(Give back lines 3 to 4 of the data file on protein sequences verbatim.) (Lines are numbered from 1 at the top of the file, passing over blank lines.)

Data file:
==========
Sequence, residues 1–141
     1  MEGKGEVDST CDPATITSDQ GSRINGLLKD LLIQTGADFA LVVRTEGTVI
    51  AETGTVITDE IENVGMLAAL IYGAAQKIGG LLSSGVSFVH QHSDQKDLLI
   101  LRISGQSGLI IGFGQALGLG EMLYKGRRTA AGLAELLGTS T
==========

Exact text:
    51  AETGTVITDE IENVGMLAAL IYGAAQKIGG LLSSGVSFVH QHSDQKDLLI
   101  LRISGQSGLI IGFGQALGLG EMLYKGRRTA AGLAELLGTS T